THE FLASH Producers Won't 'Wait Around' on Story Ideas

Image from The Flash Season 1 Episode 1 "Pilot"
Credit: The CW / Cate Cameron

The Flash, based on DC’s well-known speedster hero, spins off from CW veteran Arrow on Oct. 7, one day ahead of the season debut of Arrow season 3. Barry Allen, the Flash’s alter ego, was seen briefly in last year’s Arrow season 2. Now, he’ll get adventures all his own, plus return visits from Arrow.

Image from The Flash Season 1 Episode 1 "Pilot"
Image from The Flash Season 1 Episode 1 "Pilot"
Credit: The CW / Cate Cameron

In this TV iteration, Barry Allen is a crime scene investigator in the Central City Police Department, much like his current comic book occupation. His choice of career is fueled by a terrible incident from his past — he saw his mother murdered, and his father falsely accused and convicted of the crime. Barry was raised by Central City cop Joe West, and has learned his trade to help catch bad guys by day, and find his mother’s real murderer and clear his father’s name by night.

That all changes when Barry is struck by lightning as a particle accelerator at high-tech think tank S.T.A.R. Labs simultaneously explodes. A “dark matter wave” gives Barry his speed powers, and also seems to result in a number of other metahumans suddenly popping up.

The show is planned very much as a ground-level experience where the viewer rides along with the hero.

“When you start Arrow, Oliver was every bit as much the Green Arrow as he ever was going to be, skill-wise,” said Andrew Kreisberg, one of the series’ developers and executive producers. “But for the Flash, it’s day one of being a hero. And you experience the show through Barry, and you learn and experience becoming the hero just as he does.”

Kreisberg and DC Comics Chief Creative Office Geoff Johns co-wrote the first two episodes of The Flash. Johns spent years writing the Flash comic as well, and the show is well-steeped in its comic books roots and traditions.

Image from The Flash Season 1 Episode 1 "Pilot"
Image from The Flash Season 1 Episode 1 "Pilot"
Credit: The CW / Cate Cameron

“This show, more than any show out there, ever, embraces the superhero lore,” Johns said. “There’s no reluctance on anyone’s part. We’re all-in on it. This is the most comic book show ever.”

Certainly lots of nods to the comics will be seen: There’s a “Hex’s Gun Shop” in the second episode, and DC villain Simon Stagg pops up as well; that’s after the Weather Wizard shows up in the pilot and a certain beastly villain gets teased. Importantly, a two-part Arrow crossover, with one episode happening in the timelines of each show, is planned eight weeks down the line. But the motion of the show is the most important factor.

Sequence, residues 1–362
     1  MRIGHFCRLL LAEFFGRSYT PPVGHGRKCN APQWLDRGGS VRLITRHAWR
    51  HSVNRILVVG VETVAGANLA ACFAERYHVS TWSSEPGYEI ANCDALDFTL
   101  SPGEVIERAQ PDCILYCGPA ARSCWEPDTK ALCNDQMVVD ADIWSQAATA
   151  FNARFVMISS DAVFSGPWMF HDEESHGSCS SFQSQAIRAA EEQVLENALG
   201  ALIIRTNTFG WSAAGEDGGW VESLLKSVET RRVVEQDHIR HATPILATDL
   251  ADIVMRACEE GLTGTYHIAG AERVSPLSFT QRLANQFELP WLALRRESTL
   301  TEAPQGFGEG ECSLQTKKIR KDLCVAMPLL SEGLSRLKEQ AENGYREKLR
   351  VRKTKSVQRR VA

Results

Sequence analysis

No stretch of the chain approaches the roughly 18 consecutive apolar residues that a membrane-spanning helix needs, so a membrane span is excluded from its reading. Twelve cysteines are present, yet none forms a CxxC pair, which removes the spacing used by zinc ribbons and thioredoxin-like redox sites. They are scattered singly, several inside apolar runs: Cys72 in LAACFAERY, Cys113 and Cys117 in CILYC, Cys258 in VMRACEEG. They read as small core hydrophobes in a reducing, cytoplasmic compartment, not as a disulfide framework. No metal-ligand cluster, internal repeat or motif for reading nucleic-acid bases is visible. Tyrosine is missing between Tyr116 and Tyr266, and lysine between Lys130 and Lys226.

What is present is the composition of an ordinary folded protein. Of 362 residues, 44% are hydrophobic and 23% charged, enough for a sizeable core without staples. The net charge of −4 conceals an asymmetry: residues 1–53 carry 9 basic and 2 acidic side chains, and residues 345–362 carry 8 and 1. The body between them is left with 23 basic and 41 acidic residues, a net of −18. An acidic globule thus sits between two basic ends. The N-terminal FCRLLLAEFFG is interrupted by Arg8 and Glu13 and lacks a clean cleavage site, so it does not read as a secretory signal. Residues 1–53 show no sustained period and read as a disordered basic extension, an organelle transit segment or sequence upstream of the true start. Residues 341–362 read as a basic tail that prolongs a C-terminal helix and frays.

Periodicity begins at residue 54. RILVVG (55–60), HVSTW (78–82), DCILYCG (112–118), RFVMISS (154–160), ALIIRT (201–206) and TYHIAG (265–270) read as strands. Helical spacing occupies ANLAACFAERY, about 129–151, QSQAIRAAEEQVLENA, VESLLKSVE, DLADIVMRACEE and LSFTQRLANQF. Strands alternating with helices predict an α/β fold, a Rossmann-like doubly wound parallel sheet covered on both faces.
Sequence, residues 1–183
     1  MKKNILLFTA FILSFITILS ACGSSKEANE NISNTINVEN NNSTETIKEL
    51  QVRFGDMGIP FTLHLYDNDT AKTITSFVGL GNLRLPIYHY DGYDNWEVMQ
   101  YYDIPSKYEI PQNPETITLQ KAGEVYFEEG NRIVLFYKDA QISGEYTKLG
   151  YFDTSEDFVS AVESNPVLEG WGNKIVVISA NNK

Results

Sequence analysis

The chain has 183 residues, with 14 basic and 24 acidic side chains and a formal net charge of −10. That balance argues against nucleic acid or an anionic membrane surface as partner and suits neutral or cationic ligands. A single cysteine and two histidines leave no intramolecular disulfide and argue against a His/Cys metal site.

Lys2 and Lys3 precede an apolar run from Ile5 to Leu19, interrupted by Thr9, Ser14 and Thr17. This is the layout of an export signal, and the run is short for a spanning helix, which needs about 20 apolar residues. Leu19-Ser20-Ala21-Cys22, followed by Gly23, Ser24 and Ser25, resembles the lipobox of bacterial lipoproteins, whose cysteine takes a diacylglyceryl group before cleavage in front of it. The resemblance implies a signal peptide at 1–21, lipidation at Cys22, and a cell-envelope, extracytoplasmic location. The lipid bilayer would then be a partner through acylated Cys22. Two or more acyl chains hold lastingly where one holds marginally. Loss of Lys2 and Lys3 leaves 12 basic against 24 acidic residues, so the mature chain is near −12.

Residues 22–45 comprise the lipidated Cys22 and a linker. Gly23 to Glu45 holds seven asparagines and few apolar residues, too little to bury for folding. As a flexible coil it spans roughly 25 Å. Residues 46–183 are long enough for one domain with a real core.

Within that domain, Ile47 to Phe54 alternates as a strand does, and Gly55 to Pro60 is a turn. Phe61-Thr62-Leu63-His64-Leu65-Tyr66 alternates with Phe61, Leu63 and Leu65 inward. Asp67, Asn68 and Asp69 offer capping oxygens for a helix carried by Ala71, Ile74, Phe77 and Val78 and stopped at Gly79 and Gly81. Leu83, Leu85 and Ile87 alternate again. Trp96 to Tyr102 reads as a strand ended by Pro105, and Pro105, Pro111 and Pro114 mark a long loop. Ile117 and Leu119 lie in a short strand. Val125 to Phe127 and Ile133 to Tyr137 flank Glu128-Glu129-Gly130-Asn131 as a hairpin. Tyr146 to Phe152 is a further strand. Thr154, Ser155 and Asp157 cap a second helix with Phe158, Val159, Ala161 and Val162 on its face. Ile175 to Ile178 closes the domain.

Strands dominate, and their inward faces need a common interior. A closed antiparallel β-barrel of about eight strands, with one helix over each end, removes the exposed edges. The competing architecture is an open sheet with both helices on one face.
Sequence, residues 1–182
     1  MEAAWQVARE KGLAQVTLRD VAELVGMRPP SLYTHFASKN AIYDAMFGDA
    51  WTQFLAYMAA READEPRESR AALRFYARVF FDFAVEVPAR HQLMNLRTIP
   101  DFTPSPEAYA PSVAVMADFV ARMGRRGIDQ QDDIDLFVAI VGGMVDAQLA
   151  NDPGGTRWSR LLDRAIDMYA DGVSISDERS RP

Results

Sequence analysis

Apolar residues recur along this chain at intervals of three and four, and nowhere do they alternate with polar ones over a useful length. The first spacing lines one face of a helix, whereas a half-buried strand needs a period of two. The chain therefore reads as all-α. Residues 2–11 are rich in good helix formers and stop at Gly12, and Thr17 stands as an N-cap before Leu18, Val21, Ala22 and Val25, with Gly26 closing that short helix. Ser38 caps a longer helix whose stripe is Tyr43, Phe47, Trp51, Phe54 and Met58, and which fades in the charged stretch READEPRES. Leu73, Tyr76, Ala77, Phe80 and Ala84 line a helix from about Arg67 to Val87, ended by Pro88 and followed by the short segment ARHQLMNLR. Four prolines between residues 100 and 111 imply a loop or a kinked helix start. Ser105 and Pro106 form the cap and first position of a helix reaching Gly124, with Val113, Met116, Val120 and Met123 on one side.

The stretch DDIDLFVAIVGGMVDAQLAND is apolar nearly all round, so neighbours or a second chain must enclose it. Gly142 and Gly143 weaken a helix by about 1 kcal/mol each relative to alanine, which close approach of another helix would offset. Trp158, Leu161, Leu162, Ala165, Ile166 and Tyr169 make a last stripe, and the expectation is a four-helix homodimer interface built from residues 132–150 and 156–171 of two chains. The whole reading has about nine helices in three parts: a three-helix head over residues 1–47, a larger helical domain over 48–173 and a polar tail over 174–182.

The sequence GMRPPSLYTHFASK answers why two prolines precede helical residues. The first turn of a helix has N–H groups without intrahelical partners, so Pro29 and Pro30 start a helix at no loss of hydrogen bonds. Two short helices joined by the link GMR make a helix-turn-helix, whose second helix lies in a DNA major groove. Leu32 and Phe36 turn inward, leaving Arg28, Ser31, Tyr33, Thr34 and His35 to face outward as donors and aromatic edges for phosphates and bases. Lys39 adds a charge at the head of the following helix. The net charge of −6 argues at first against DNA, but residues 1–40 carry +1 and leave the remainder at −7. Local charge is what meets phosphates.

Image from The Flash Season 1 Episode 1 "Pilot"
Image from The Flash Season 1 Episode 1 "Pilot"
Credit: The CW / Cate Cameron

“I think when you do episodes that have — and I don’t mean this pejoratively — a ‘gimmick,’ the best thing you can do is make sure it’s not just a gimmick,” Kreisberg said regarding the crossover episodes. “This advances the storylines that we’ve been telling. The characters really grow. When you look at both these episodes, it isn’t just about the crossover of the casts. They’re important episodes. One of the biggest surprises of all time on Arrow will happen on a Flash episode. And both episodes are really important for Barry’s growth.”

Johns promises that things that look like Easter eggs will have impact. “One of the great things about working with [fellow executive producer] Greg Berlanti is he’s never one to say, ‘Let’s just throw something out there, and we’ll get to it eventually.’ There’s always a plan and a payoff waiting at the end. Greg is great about making sure that everything that’s set up is paid off. There’s references to [Gorilla] Grodd, and that’s not just a reference. There’s plans for all sorts of crazy stuff.”

Image from The Flash Season 1 Episode 1 "Pilot"
Image from The Flash Season 1 Episode 1 "Pilot"
Credit: The CW / Cate Cameron

Most of the crazy stuff starts with S.T.A.R. Labs trying to locate and track other metahumans who may have been created by the dark matter wave. Some of them, as you might imagine, become parts of the Flash’s rogues gallery.

“For the first half of the year, it is a little bit of an anthology show in that there are characters who are affected by the collider who get dramatized and brought in,” Berlanti said.

Kreisberg added that, “What they [S.T.A.R. Labs] are going to end up doing with metahumans becomes a very big part of episode 3, and how they move forward becomes one of the biggest elements of the show.”

Image from The Flash Season 1 Episode 1 "Pilot"
Image from The Flash Season 1 Episode 1 "Pilot"
Credit: The CW / Cate Cameron

The plans are big, and Kreisberg feels the crew’s time is now. TV ratings are, of course, vagaries. Best to get everything in Flash-style — fast. That plays well into what many of these same people have been doing on Arrow, with major changes to characters, deaths, and a “why wait?” attitude to events.

“We don’t wait around,” he said. “Between me, Geoff, and Greg, we feel like this is our chance. You never know, so this might be the only season we get to make, the only 13 episodes we get to make. So everything we want to do, we’re throwing in there.”

The Flash debuts on the CW Network on Tuesday, October 7.

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